By Laura Ohata
Northwest Asian Weekly
“Fear is a big part of flying trapeze,” says Jordan Tribble. “To stand up on the platform, with no safety lines, and tell yourself to jump off. Just swinging on the bar is a big deal.” For all of his talk of fear, at age 21, Christopher Jordan Yasukuni Tribble is a rising star on the flying trapeze. These days, he performs and teaches classes at Emerald City Trapeze Arts, a school in Seattle that offers classes in a variety of circus skills.
“Jordan should be very proud of how fast he got to where he is,” says Paul Schimmel, chief instructor of trapeze at Emerald City Trapeze Arts. “He has only been flying for a year now, and he has learned some serious, serious tricks. He will be showing those off for our next show on New Year’s. He is very talented, very driven, as both a teacher and performer.”
“He’s got a gift and an aptitude for learning,” says Alestair Winn, an Australian instructor who works with Tribble. “It usually takes quite a few years to reach to the level he is at. Jordan has managed to surround himself with a lot of great coaches. If he stays focused, he’ll likely fly for Cirque Du Soleil one day.”
Tribble credits his rapid success to prior training. He studied Tae Kwon Do for seven years, eventually earning a black belt. “Martial arts helped me a lot, to focus my energy on what I am doing. Learning how to breathe helped a lot.
Movement and flow…make what I do now more of a dance.” About five years ago, he began studying circus arts with his uncle, Sam Tribble, an expert in the Cyr wheel, a spinning circular metal bar. He also learned a form of tightrope called slackline, and some basic tumbling routines. About a year ago, Tribble began training at the Trapeze School New York on the Santa Monica Pier in California.
“My first trick was a knee hang. That is the intro trick,” says Tribble. “You’ve got to do that before you can do anything else.” He advanced rapidly from knee-hang to plange, and from plange to layout. “Right now, I am working on the double layout. That is kind of my itch right now, trying to make this one trick really good, because it leads on to all of the other big tricks that I eventually want to work on, and keep going.”
Emerald City Trapeze Arts invited Tribble to move to Seattle and work as a circus arts instructor in May of 2014.
“Emerald City Trapeze is the cathedral of all things trapeze,” says Tribble. The ropes, pulleys, and platform and net span the center of a renovated factory in SODO. Light filters in through windows 40 feet overhead. Tribble says, “It’s an amazing school, with amazing coaches and an amazing rig that I can come and fly on every day, and train my heart out.”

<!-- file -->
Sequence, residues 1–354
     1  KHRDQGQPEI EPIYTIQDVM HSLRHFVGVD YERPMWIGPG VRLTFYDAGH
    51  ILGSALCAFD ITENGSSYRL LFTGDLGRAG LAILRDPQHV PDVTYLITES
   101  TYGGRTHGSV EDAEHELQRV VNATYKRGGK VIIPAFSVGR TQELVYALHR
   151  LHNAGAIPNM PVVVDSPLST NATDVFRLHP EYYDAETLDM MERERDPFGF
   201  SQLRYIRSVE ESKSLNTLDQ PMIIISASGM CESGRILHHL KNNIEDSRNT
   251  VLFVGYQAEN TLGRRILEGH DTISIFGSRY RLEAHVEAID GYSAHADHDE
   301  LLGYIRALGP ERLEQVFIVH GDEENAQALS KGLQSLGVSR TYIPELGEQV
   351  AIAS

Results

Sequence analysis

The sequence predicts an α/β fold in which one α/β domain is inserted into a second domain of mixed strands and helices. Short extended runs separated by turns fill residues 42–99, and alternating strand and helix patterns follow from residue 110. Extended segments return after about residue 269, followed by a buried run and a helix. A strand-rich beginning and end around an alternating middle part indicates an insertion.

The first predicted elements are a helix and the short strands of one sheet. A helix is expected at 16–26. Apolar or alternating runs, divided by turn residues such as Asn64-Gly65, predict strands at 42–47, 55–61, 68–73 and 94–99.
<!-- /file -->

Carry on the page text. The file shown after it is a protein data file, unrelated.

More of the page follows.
While his family supports his high-flying career, his mother hid behind her husband, too afraid to watch one of Tribble’s recent performances. “Of course, it’s dangerous. What could happen definitely shouldn’t be taken lightly,” he says. “I’ve had a few sketchy moments. I was doing a pirouette…bar to bar. When I went to grab the bar… I barely had my fingertips on the right-hand side of my bar.” When he came back up to the board, he had to straddle the ladder off to the side over a 25-foot drop.
The art of flying trapeze requires intense concentration and physical strength. “You really have to focus to filter out your daily life, as well as what is going on throughout the room,” says Tribble. “There might be 20 things wrong in what you are doing, but you can’t think about 20 things and do your trick the best way possible. So, you have to break that down and think of two things… and kind of let your body do the rest. And, that is a big deal—trying to push everything else aside and make that one thing happen. In the end, you’ve changed the one thing you wanted to change.”
When asked about his plans for the future, Tribble says, “Trapeze artists are very transient. We move from rig-to-rig and place-to-place to follow our dream…depending on what opportunity arises. I think eventually, yes, I would like to be in a professional circus, but it doesn’t matter to me, as long as I keep flying.”
If you want to give it a swing for yourself, Emerald City Trapeze Arts offers lessons seven days a week. “Flying trapeze is the best. Everyone should try it,” says Tribble. “It helps conquer fears. It’s about pushing yourself forward and making yourself realize that you can do things you never thought you could do.” (end)
For more, visit Emerald City Trapeze at http://emeraldcitytrapeze.com.
Laura Ohata can be reached at firstname.lastname@example.org.